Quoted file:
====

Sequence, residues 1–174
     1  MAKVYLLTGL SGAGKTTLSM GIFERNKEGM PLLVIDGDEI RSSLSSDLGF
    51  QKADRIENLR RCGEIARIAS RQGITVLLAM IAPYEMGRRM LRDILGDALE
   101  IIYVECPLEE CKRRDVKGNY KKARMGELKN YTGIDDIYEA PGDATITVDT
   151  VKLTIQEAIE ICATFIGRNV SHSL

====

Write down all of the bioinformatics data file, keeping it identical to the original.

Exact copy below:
Sequence, residues 1–174
     1  MAKVYLLTGL SGAGKTTLSM GIFERNKEGM PLLVIDGDEI RSSLSSDLGF
    51  QKADRIENLR RCGEIARIAS RQGITVLLAM IAPYEMGRRM LRDILGDALE
   101  IIYVECPLEE CKRRDVKGNY KKARMGELKN YTGIDDIYEA PGDATITVDT
   151  VKLTIQEAIE ICATFIGRNV SHSL